‘This is the best oil I’ve ever distilled for you,’ he said. He’d just arrived from Assam, with a small suitcase in which he’d carefully stored two ten-tola tin canisters.
‘Even better than Oud Sulaiman?’
‘I don't think so...’
‘This is what the really old, old oils used to be like. We have not seen oil like this in years,’ he insisted.
The oil was too precious to be shipped, and he’d felt compelled to personally fly out from Assam and hand-deliver the oil to me in Jordan.
I’d turned his entire operation upside-down with the demands I made, and he faced major disputes with his brother over the whole collaboration.
The oil we were smelling that autumn afternoon was mysteriously different to the usual smooth and creamy barnyard you get if you just use higher quality raw materials than normal. There was a softness, a powderiness and an altogether different character to it. Deep down that bottomless goodness lay blood orange zest, musk, ancient woods, civet, animalic elixirs from other eons.
It had the feralness of my then highly controversial Chinese Exclusive Oud, but it was just so much profounder, vaster, larger... It was as unique a profile as Oud Khidr, Oud Nuh and Assam Kinam.
The difference was due to this wood being acquired in Nagaland, along the Burmese agarwood route. Most Burmese trees get exported to Assam, where they command higher prices than in Myanmar.
Contemporary distillations of Burmese raw materials are radically different to the profile of Sulaiman III. It is as if you are comparing ouds from different centuries. There is none of the feral character, the depth, or the ancient spirit of Sulaiman to be had in our present day distillations of Nagaland, Assam, or Myanmar agarwood.
We thought it was due to the ‘new’ distillation techniques that the oils were more on the floral-candied side than what the old legends used to smell like. But alas, we revisited the timeless Indian distillation methods in a few subsequent batches, and didn’t get anything even remotely resembling Sulaiman and his brethren.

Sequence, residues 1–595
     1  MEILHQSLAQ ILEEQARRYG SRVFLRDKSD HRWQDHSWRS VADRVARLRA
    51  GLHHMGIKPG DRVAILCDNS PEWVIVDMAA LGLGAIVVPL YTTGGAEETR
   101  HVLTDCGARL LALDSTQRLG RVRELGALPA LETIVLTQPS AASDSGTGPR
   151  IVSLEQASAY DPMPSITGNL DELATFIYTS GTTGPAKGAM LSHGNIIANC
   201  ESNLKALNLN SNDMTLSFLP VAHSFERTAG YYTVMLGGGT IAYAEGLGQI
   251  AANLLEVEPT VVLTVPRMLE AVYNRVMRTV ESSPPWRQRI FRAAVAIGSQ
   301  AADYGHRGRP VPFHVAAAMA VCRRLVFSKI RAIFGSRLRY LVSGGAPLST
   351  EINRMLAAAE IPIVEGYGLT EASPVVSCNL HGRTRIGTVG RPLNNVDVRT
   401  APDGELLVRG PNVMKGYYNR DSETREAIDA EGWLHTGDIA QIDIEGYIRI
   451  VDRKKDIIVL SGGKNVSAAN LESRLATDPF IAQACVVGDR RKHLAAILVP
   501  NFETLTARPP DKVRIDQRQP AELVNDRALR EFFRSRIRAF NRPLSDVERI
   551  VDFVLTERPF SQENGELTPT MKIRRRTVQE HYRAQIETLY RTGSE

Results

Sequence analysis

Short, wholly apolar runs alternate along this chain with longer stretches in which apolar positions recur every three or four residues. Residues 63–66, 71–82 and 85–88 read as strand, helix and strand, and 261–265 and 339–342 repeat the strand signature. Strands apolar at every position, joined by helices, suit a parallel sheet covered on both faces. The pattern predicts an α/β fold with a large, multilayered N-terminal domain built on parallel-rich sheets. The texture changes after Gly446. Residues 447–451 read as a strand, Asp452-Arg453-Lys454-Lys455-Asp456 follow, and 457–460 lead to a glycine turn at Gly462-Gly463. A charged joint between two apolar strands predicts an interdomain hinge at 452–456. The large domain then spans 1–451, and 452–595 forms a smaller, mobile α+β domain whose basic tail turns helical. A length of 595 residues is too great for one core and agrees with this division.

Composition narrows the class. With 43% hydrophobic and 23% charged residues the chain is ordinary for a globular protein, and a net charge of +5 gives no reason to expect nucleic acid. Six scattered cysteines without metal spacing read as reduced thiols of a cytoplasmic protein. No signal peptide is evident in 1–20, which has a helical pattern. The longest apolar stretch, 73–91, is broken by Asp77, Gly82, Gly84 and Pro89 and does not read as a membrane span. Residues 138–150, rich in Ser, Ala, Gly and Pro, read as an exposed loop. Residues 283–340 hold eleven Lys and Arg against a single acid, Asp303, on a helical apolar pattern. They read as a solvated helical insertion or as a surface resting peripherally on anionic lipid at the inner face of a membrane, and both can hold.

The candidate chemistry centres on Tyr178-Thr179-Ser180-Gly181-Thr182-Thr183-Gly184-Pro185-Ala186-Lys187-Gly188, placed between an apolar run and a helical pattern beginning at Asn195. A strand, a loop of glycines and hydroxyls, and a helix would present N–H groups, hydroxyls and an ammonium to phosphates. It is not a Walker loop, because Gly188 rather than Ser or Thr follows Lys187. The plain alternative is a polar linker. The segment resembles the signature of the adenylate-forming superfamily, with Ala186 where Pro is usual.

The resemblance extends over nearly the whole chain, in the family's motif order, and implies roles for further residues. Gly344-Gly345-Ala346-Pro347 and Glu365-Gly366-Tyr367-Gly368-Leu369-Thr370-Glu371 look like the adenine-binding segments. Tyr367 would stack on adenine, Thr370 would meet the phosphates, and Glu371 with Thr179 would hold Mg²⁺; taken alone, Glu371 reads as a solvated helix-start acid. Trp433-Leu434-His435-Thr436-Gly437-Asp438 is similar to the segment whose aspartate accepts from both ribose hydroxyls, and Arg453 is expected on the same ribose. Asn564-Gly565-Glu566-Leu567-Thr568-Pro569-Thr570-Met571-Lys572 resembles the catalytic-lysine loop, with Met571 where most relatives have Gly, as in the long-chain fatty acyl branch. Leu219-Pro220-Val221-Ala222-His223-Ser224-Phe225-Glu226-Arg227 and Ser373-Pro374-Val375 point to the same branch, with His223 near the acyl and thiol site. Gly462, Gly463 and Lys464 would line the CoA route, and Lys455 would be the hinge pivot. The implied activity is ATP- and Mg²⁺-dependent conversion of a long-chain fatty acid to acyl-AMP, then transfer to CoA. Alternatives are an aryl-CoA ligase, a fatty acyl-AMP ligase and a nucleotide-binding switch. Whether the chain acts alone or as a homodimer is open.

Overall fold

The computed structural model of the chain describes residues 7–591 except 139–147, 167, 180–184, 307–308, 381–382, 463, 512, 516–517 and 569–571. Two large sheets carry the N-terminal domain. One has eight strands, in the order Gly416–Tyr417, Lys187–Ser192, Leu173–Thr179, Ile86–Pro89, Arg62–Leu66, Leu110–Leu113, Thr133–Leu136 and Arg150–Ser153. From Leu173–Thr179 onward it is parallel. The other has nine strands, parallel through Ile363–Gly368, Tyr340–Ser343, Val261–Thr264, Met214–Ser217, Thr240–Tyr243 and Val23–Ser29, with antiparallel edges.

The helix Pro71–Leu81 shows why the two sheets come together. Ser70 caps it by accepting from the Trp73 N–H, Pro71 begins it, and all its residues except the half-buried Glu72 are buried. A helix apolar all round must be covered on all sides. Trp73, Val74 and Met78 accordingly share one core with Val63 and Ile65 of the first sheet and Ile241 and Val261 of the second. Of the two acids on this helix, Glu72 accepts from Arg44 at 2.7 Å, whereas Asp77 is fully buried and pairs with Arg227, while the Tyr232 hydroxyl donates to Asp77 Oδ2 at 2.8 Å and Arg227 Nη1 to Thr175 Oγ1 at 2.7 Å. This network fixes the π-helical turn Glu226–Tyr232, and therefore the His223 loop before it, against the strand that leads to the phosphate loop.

In Oud Sulaiman III you have Oud. Oud as it was known a hundred years ago, five hundred years ago, even a thousand years ago.
An initial burst of earthy/peaty and animalic/musky notes, soon gives way to ripe fruits, flowers and tangerine peel, sugary and milky but not cloying. Light and airy feel, leaving a light trail of incense, resins and woods. Few hours later, I get hints of powderiness and greenery. Most complex and amazing scent profile. What an ethereal scent! Magnificent. – Kenny, London
When I visited my mother in law and was wearing Sulaiman, she commented on it and how that is what she remembers oud smelling like over 20 years ago when she first moved to the Emirates. I happened to have it on me and promptly swiped some for her. – Taher, UAE
I found this scent written in braille within the recesses of a lucid mind, the notes quite vivid my limbic system describing the sublime, the scent atomistic, for I inhaled it prior to you shipping it. Once arrived one swipe of it, de ja vu in constant increments, a conscious feeling as I speak with Antecedents. Simply other world Ensar! – Tracy, CA